- Blaze killed three young girls and their grandparents in Stamford on Christmas morning last year
- Stamford state's attorney says there is "insufficient evidence" to bring criminal charges
- The city of Stamford determined the large home was unsafe and tore it down
- The mother of the three children who died in the fire is suing the city over the demolition
A state prosecutor says he will not file criminal charges in the Stamford, Connecticut, house fire that killed three young girls and their grandparents on Christmas morning last year.
Stamford State's Attorney David I. Cohen said in a statement Friday that after a thorough examination of investigations conducted by Stamford's fire and police departments, including reports, interviews, photographs, seized evidence and autopsy data, there is "insufficient evidence" to bring criminal charges.
The fire, which broke out around 5 a.m. Christmas Day, was probably caused by embers removed from a fireplace, Stamford Chief Fire Marshal Barry Callahan said.
According to Cohen, it remains unclear if smoke detectors were working in the home the night of the blaze, but some precautions were taken.
"While in hindsight, they were obviously insufficient, when viewed from the perspective of that night, they do not rise to the level of criminal negligence," he said.
Lily, 10, and 7-year-old twins Grace and Sarah Badger died in the fire along with their grandparents, Lomer and Pauline Johnson.
The girls' mother, Madonna Badger, and a friend, Michael Borcina, were able to escape.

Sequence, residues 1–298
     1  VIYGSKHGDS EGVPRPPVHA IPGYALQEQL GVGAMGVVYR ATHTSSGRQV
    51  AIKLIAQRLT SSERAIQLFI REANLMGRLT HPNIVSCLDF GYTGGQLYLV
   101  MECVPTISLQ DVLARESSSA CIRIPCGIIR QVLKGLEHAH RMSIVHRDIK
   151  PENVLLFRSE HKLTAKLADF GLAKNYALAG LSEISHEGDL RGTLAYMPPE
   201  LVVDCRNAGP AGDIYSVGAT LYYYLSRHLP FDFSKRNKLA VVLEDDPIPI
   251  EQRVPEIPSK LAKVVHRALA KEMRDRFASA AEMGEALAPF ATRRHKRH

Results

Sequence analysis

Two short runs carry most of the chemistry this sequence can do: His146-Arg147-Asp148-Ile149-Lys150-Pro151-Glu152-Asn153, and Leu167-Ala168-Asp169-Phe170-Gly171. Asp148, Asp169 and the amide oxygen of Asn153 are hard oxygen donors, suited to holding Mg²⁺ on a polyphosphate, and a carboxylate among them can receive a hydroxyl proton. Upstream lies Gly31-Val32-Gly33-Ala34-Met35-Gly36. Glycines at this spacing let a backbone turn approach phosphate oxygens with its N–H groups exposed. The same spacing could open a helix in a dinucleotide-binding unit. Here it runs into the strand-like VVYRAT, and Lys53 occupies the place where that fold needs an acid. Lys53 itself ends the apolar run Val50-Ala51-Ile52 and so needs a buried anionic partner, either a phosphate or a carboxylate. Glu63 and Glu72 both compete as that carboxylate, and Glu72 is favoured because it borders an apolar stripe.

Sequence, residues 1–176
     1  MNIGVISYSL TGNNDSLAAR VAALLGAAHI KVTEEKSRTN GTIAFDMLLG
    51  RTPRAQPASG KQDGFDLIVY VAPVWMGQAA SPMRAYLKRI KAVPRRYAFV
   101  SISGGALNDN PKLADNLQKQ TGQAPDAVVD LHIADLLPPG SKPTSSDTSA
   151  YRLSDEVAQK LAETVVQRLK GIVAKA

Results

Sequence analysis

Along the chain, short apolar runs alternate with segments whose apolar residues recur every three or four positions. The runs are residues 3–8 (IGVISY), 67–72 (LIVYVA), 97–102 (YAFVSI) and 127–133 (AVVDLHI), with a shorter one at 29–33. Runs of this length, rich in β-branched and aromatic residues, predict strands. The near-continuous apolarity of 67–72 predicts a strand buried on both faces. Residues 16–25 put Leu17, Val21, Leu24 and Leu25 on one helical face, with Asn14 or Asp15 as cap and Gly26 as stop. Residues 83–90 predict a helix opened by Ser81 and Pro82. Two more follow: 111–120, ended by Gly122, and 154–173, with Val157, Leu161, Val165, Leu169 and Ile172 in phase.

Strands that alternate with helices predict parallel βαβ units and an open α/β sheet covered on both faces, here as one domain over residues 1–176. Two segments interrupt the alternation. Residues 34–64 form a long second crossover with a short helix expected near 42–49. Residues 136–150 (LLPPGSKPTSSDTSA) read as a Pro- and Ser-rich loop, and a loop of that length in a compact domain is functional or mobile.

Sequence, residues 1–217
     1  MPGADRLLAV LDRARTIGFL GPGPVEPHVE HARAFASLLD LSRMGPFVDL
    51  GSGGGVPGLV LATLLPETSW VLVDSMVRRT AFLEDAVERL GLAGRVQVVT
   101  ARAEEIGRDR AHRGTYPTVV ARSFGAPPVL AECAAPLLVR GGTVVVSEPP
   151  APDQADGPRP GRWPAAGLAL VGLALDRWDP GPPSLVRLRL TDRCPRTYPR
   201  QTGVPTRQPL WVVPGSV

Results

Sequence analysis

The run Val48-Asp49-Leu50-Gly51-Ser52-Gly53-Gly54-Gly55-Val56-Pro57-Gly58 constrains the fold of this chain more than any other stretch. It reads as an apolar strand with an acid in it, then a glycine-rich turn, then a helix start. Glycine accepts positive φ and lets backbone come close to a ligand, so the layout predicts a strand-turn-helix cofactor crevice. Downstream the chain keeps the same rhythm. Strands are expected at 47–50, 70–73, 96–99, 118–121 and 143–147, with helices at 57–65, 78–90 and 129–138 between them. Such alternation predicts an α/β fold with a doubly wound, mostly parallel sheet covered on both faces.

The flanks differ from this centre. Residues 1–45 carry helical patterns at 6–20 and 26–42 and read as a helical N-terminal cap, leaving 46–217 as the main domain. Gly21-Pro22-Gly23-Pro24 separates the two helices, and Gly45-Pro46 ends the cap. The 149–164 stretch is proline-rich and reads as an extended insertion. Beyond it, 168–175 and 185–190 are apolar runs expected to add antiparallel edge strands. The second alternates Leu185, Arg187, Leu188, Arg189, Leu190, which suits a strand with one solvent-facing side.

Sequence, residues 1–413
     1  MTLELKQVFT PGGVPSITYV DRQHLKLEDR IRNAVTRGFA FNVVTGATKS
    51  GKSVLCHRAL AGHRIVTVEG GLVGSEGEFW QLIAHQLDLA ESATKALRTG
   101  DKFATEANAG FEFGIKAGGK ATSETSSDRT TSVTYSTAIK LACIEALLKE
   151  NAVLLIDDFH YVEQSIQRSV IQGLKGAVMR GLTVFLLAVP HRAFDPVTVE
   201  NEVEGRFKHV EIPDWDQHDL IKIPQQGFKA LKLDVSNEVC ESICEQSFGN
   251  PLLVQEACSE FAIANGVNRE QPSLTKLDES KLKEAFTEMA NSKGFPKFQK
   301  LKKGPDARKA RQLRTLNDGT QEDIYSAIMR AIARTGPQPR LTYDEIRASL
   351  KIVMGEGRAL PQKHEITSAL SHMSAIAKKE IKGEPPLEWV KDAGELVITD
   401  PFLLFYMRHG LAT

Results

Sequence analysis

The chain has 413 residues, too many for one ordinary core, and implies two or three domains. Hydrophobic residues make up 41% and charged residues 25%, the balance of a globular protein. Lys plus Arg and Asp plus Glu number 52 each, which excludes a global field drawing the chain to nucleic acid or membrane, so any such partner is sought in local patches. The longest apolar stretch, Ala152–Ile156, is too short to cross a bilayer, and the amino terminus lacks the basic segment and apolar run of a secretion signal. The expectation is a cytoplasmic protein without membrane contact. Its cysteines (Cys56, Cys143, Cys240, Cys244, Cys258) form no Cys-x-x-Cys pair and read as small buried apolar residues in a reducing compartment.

According to a legal notice submitted to the Stamford city clerk's office, Madonna Badger is suing the city for property damage, personal injury, negligence and civil rights violations.
Two days after the fire, the city of Stamford determined the large Victorian home was unsafe and tore it down.
Badger says the city and some of its employees destroyed her home and its contents, valued in excess of $3 million.
She adds that in destroying the remains of the house, the city destroyed evidence that could have helped bring closure to the tragic incident.
In his statement, Cohen said future fire investigations should be handled differently, suggesting that police and the state attorney's office should be contacted before any demolition of property, and that local fire marshals should contact state fire marshals for an outside perspective.
"When such a horrific event occurs, it is only natural that those related to the victims and the public in general want to hold someone responsible for what is otherwise an inexplicable accident," he said. "I am aware that many have emotionally judged this circumstance differently. That is understandable. There is no way that I could begin to conceive of the depth of loss by the Badger family."